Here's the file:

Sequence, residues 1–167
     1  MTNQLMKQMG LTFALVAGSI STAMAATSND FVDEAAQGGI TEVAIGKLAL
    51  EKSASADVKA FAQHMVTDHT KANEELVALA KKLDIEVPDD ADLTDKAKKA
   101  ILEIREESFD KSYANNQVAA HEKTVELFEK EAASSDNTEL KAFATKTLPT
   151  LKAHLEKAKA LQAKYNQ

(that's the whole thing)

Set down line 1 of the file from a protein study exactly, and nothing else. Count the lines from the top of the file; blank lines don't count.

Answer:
Sequence, residues 1–167